President Trump argues against another ‘blanket shutdown’ as US sees coronavirus surge

Coronavirus

WASHINGTON (WJW/AP) — President Donald Trump is held a press conference Thursday evening. He is expected to provide an update on the administration’s response to the coronavirus pandemic.

He argued against another “blanket shutdown” of the economy amid a surge of coronavirus cases. He spoke after the government reported that the pandemic sent the U.S. economy plunging by a record-shattering 32.9% annual rate last quarter.

The president says the nation has gotten a handle on the virus but “it can come roaring back when you least suspect it.” Trump insists, though, that the economy should stay open.

He says a widespread shutdown like what happened in March and April “would no longer be the answer at all.” He adds that “small shutdowns can be very helpful” but not lengthy ones.

Trump has staked his reelection chances on restarting the nation’s economy but there are signs the recovery has stalled amid a resurgence of COVID-19.

Trump’s press briefing came just hours after he visited the American Red Cross headquarters to encourage Americans who have recovered from COVID-19 to donate their plasma.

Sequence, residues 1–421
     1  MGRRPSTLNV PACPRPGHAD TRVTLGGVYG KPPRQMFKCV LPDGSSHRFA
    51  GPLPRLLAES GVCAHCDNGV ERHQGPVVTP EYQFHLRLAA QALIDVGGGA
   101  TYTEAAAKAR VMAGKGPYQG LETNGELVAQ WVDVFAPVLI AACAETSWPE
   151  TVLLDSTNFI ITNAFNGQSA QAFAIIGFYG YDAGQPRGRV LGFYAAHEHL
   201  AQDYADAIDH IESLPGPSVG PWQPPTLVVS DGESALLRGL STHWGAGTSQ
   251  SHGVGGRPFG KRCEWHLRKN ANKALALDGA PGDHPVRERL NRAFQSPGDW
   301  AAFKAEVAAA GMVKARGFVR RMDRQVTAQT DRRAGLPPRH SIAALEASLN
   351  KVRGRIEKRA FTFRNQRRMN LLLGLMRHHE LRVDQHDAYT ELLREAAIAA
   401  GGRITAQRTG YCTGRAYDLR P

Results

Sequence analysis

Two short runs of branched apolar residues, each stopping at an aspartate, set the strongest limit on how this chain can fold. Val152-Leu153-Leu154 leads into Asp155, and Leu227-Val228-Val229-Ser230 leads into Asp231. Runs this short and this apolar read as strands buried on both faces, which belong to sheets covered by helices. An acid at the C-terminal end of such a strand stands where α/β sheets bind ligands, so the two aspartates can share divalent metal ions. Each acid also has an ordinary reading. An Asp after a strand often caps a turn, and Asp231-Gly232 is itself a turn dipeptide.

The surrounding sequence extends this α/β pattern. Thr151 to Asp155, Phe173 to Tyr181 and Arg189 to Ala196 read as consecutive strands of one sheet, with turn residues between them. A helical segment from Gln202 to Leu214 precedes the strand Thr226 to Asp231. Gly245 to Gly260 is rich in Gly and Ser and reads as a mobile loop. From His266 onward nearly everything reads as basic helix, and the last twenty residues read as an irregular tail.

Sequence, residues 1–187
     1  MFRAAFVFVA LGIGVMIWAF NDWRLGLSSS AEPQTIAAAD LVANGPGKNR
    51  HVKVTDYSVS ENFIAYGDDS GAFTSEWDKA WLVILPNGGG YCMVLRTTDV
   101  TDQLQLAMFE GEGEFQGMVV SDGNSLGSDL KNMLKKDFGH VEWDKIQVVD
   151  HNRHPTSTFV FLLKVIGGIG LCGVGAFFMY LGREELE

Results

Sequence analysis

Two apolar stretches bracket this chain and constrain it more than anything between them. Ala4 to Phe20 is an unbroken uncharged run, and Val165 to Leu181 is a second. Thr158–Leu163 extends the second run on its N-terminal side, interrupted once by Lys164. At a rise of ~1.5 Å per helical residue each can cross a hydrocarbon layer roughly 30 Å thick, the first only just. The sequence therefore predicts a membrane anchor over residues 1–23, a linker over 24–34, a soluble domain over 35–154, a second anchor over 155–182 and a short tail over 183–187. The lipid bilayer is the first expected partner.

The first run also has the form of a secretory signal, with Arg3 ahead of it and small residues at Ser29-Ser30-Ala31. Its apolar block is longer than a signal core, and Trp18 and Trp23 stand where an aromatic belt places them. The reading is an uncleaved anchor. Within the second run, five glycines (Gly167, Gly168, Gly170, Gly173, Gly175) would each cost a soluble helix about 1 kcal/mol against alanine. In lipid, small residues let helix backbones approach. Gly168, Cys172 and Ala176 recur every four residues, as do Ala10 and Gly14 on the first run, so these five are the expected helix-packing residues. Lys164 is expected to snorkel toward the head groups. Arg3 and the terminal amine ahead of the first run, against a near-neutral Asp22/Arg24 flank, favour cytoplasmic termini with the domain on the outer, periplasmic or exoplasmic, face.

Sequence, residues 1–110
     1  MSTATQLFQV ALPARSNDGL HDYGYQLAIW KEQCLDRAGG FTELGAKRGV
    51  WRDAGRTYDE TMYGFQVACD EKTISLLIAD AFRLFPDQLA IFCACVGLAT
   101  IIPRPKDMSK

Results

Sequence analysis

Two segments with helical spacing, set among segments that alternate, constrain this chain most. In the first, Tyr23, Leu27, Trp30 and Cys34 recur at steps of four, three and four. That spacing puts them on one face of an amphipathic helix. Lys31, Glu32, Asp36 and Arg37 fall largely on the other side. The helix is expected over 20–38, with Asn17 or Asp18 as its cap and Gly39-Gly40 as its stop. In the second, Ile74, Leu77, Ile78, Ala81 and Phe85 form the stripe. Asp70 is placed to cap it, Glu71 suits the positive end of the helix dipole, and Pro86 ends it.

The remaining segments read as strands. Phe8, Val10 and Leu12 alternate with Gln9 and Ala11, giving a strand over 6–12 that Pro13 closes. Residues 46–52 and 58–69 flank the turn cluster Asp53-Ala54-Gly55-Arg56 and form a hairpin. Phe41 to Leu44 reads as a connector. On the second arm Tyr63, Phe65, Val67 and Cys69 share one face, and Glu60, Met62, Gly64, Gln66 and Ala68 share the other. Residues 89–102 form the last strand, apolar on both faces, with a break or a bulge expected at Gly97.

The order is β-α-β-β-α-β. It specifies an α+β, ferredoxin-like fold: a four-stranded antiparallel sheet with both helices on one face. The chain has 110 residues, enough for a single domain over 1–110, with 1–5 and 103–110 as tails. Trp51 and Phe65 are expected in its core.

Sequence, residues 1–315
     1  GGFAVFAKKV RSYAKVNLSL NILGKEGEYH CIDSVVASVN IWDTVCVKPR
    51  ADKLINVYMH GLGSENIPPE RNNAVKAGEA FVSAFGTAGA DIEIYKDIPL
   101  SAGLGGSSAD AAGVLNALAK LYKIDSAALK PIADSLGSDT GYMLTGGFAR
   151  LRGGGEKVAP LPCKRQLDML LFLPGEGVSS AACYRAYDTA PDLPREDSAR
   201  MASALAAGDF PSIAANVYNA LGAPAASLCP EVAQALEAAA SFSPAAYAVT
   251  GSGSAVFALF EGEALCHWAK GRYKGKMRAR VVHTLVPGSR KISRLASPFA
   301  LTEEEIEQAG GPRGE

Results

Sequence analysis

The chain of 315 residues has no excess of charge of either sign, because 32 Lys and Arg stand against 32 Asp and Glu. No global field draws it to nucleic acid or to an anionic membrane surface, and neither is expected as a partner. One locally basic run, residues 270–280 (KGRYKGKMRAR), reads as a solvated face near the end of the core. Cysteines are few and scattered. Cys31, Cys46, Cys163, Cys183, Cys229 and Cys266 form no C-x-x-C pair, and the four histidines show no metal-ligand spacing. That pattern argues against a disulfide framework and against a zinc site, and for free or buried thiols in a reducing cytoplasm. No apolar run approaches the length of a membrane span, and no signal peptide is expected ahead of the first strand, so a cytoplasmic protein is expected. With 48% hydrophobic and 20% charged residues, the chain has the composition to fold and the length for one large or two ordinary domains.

To date, thousands of coronavirus patients have donated their plasma in effort to help other patients recover from the virus. Scientists are testing if the donations might also prevent infection in the first place. Medical experts say the jury is still out on effectiveness of convalescent plasma on both fronts.

Meanwhile, experts say the nation’s second surge in coronavirus cases appears to be leveling off. However, scientists aren’t celebrating by any means, warning that the trend is driven by four big, hard-hit places — Arizona, California, Florida and Texas — and that cases are rising in close to 30 states in all, with the outbreak’s center of gravity seemingly shifting from the Sun Belt toward the Midwest.

Some experts wonder whether the apparent caseload improvements will endure. It’s also not clear when deaths will start coming down. COVID-19 deaths do not move in perfect lockstep with the infection curve, for the simple reason that it can take weeks to get sick and die from the virus.

The virus has claimed over 150,000 lives in the U.S., by far the highest death toll in the world, plus more than a half-million others around the globe.

Over the past week, the average number of deaths per day in the U.S. has climbed more than 25%, from 843 to 1,057. Florida on Thursday reported 253 more deaths, setting its third straight single-day record. The number of confirmed infections nationwide has topped 4.4 million.

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